Cervical Ectropion


Cervical ectropion can also be called cervical ectopy or cervical erosion. Cervical ectropion occurs when the columnar epithelium of the endocervix (the canal of the cervix) has extended out to the ectocervix (the outer area of the cervix). The lining of the endocervix becomes visible on examination of the cervix using a speculum. This lining has a different appearance to the normal endocervix. 

The cells of the endocervix (columnar epithelial cells) are more fragile and prone to trauma. They are more likely to bleed with sexual intercourse. This means cervical ectropion often presents with postcoital bleeding.

Cervical ectropion is associated with higher oestrogen levels, and therefore, is more common in younger women, the combined contraceptive pill and pregnancy.


Transformation Zone

The transformation zone is the border between the columnar epithelium of the endocervix (the canal), and the stratified squamous epithelium of the ectocervix (the outer area of the cervix visible on speculum examination). When the transformation zone is located on the ectocervix, it is visible during speculum examination as a border between the two epithelial types. 



Many cervical ectropion are asymptomatic, and they are found incidentally during speculum examination for other reasons, for example, smear tests.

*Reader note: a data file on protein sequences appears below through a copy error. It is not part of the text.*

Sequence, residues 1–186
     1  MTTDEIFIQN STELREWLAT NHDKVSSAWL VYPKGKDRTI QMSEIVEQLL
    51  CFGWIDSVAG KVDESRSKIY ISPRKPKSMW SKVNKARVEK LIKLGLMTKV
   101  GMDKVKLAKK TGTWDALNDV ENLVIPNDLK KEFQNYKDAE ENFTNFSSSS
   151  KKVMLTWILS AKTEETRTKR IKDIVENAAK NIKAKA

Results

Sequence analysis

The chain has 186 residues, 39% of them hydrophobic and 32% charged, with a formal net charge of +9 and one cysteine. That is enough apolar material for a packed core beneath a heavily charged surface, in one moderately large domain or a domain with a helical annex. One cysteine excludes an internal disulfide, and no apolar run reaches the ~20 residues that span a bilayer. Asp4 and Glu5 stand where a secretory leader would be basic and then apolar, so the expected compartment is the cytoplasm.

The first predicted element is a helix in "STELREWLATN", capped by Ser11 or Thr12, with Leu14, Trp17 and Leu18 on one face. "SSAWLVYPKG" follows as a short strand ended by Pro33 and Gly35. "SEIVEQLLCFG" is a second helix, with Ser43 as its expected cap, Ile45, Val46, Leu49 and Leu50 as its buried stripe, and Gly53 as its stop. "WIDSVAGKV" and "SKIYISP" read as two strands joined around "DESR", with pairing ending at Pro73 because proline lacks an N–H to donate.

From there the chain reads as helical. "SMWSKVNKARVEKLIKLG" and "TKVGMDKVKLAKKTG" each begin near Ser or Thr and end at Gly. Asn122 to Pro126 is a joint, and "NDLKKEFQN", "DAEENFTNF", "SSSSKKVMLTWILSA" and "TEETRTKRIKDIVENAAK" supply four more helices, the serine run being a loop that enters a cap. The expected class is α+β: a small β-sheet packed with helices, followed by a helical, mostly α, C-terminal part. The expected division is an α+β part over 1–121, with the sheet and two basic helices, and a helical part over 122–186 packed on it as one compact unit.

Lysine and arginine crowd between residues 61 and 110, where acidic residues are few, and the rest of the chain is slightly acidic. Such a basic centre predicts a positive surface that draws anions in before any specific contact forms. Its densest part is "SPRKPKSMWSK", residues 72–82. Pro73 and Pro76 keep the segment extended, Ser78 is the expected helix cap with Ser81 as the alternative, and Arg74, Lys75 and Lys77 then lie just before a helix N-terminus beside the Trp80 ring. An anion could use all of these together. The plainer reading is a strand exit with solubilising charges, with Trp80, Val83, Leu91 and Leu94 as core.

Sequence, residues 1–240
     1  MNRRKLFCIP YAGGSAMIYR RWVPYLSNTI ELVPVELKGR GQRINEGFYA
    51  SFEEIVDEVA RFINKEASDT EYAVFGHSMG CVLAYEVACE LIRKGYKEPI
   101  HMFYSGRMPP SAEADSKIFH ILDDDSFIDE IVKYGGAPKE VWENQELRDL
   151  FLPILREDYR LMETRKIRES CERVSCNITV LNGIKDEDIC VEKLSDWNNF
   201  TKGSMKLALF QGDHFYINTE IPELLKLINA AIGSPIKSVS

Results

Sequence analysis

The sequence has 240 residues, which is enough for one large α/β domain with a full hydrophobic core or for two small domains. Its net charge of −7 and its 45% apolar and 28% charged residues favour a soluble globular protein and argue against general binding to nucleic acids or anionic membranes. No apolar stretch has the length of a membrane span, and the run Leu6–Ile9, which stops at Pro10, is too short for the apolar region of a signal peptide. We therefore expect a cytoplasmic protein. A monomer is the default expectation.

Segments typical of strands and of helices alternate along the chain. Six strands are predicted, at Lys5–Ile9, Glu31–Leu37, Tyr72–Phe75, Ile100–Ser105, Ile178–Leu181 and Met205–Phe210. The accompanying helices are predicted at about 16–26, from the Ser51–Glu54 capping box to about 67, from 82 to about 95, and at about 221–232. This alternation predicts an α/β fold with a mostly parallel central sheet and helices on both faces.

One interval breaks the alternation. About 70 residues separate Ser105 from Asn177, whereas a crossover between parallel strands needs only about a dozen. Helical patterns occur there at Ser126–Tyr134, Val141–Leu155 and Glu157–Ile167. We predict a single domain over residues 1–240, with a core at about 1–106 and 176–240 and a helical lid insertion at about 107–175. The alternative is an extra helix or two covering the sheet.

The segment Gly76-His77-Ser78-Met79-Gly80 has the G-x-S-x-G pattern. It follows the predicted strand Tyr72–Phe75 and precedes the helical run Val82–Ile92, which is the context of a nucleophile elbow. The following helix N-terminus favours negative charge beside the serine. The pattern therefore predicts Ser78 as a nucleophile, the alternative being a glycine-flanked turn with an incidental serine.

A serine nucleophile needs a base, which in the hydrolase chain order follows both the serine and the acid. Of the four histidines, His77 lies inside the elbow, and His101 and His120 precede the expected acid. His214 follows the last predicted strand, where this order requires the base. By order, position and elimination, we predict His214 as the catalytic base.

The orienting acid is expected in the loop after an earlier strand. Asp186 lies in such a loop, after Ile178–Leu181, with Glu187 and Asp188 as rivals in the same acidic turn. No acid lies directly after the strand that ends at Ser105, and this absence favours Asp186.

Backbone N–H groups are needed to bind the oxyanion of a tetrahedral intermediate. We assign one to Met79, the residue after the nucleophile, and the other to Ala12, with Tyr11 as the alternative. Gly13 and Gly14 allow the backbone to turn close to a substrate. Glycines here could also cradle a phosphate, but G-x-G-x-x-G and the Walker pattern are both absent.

Ectropion may present with increased vaginal dischargevaginal bleeding or dyspareunia (pain during sex). Intercourse is a common cause of minor trauma to the ectropion, triggering episodes of postcoital bleeding.

Examination of the cervix will reveal a well-demarcated border between the redder, velvety columnar epithelium extending from the os (opening), and the pale pink squamous epithelium of the endocervix. This border is the transformation zone.

TOM TIP: It is worth looking up photographs of cervical ectropion and becoming familiar with the appearance. They are very common to see on speculum examination, and could look alarming the first time you see one. Ectropion is not associated with cervical cancer in any way. It is worth getting familiar with distinguishing them from the appearance of cervical cancer. Always ask about smears, and if in doubt, get a senior opinion and consider referring for colposcopy.



Asymptomatic ectropion require no treatment. Ectropion will typically resolve as the patient gets older, stops the pill or is no longer pregnant. Having a cervical ectropion is not a contraindication to the combined contraceptive pill.

Problematic bleeding is an indication for the treatment of cervical ectropion. Treatment involves cauterisation of the ectropion using silver nitrate or cold coagulation during colposcopy.


Last updated June 2020
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